In the discussion that follows, we shall assume the c-DO to be transferred as follows. BK provides a user, called party A, the c-DO plus an authorization string that is based on the private key of BK. The authorization string is in a form that the handle system will accept as the basis for making changes to the relevant public key and other administrative information as requested by party A. Once the c-DO has been issued to party A, and the changes have been made to the handle system to reflect the new owner, the c-DO can be transferred from party A to party B (and so forth) in the following similar way.
 As shown in FIG. 8, party A 40, who is the only party now able to make changes to the handle record for the c-DO 42, arranges to transfer the c-DO or only the identifier of the c-DO to party B 44. The identifier for the c-DO may have been made known by party A to party B during the course of the transaction. The transfer could be made to a hand-held device or other local device of party B, which can be displayed to party A, or it could be made to a remote computational facility of party B's choosing. Along with the c-DO or its identifier, party A also provides to party B, in digital form, an authorization string 46 (based on the private key of party A).
 Using the authorization string, party B may cause the handle system to change the handle record so that administrative access to the handle record for the c-DO is now available only using party B's private key, and to insert the identity (e.g., network address or handle) of party B's computational facility in the handle record in lieu of the identity party A's computational facility. To the public, the ten dollar c-DO is now controlled by party B's public key and by party B's computational facility. During this process, party A may also provide party B with the c-DO's identifier, separate from the c-DO, for convenience, for ready reference to the c-DO, and as a shortcut way of conveying the c-DO.
 The only change that party B is allowed to make in the handle system is to change the designated computational facility, the public key, and such other administrative information as the handle system may require. Party B cannot change the identifier (or any part of the data body portion of the digital object) or otherwise delete the handle record.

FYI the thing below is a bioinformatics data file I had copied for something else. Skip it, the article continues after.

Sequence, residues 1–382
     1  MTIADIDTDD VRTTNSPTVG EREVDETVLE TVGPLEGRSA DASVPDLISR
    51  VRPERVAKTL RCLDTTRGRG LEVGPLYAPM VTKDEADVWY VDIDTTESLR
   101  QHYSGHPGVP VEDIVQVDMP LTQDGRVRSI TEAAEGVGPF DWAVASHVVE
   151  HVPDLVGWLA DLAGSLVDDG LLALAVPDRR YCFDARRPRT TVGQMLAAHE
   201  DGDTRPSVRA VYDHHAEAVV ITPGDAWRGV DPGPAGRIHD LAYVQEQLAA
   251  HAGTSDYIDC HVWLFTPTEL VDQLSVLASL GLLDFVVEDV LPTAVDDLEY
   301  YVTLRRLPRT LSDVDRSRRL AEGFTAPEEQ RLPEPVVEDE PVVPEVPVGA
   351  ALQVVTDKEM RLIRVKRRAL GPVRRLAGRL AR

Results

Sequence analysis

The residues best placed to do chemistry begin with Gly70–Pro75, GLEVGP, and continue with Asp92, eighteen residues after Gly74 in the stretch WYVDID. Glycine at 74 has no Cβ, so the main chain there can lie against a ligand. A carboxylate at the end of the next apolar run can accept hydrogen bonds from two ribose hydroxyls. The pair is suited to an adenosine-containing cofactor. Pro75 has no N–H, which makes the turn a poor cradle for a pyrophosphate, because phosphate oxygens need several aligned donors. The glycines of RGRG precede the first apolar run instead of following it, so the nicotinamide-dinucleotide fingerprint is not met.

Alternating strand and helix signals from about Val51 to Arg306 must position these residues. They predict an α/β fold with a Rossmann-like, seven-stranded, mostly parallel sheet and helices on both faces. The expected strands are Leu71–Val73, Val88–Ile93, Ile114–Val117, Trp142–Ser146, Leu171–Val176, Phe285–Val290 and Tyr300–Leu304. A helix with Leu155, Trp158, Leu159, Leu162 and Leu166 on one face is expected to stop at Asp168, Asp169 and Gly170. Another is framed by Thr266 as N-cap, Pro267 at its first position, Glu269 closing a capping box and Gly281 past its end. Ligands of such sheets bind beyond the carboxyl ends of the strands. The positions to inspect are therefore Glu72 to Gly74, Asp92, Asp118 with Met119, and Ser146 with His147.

The above examples show the progression from an a-DO, a digital object that is not intended for circulation, to a b-DO, which may be an abbreviated version of a-DO or independently generated, and which is intended to be circulated to the public or a segment of the public, to a c-DO, which is intended for wide circulation and re-transfer from party to party, and then to using only the identifier for the c-DO in lieu of the c-DO itself.
 If payment information were to be contained in a local computation facility, such as a digital wallet, only the identifiers would need to be stored in the wallet. The c-DOs could be stored in a trusted 24-hours a day, seven days a week computational facility.
 However, it is also possible that digital wallets will have sufficient memory to allow larger digital objects to be stored there for subsequent circulation in commerce. In that case, the digital wallets would constitute the trusted computational facility even if they were not available 24×7. However, if the wallets could hold the entire digital objects, there may be no reason to use only the identifiers, as the whole digital object could be presented from party A to party B. If party B also has such a digital wallet with limited memory, and the whole digital objects are too large for the party B's local memory, the use of identifiers may again be necessitated.
 Confirming a Transfer
 As shown in FIG. 9, once the c-DO, or the identifier 50 for the c-DO has been passed from party A 40 to party B 44, party B can check to determine, before the transaction is completed, if the fingerprint in the identifier verifies the data body of the c-DO. If only the identifier is transferred, party B can present it to the handle system 52 for resolution, and obtain the address or other location 54 of party A's computational facility 56. Party B gets the c-DO from party A's computational facility and uses the publicly known cryptographic algorithm of the issuing bank to form a fingerprint of the data body of the c-DO, which party B then matches against the fingerprint that is part of the associated identifier. If the c-DO is not produced by the facility, the transaction does not proceed further. The use of a fingerprint in the identifier precludes the need for party A or party B to go back to the bank, or to some other party, to verify the c-DO.